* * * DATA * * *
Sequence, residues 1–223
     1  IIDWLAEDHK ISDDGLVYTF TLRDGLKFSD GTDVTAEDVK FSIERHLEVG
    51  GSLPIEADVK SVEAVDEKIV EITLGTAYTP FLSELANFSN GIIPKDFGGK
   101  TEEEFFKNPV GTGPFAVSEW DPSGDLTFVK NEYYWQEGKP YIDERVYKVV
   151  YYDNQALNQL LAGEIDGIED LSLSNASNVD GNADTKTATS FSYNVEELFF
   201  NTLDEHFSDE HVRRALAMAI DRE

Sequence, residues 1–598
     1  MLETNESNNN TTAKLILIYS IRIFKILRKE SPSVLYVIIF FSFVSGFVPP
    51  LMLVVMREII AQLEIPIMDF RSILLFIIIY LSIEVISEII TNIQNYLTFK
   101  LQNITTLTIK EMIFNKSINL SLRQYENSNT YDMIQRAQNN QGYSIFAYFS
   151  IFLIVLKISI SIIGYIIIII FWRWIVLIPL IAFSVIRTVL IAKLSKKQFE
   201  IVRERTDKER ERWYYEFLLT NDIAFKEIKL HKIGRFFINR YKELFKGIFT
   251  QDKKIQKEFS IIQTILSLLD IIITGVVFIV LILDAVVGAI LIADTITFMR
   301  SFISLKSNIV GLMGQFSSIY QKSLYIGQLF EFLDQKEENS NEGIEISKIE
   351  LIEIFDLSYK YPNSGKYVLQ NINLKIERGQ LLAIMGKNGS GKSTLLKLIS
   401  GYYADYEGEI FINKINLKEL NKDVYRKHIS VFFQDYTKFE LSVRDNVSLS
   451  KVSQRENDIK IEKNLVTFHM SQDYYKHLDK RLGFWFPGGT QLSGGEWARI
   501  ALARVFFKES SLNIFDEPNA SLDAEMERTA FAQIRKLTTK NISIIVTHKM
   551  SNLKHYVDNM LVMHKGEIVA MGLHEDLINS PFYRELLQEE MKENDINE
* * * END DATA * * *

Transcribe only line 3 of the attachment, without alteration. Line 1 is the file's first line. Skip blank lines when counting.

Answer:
    51  GSLPIEADVK SVEAVDEKIV EITLGTAYTP FLSELANFSN GIIPKDFGGK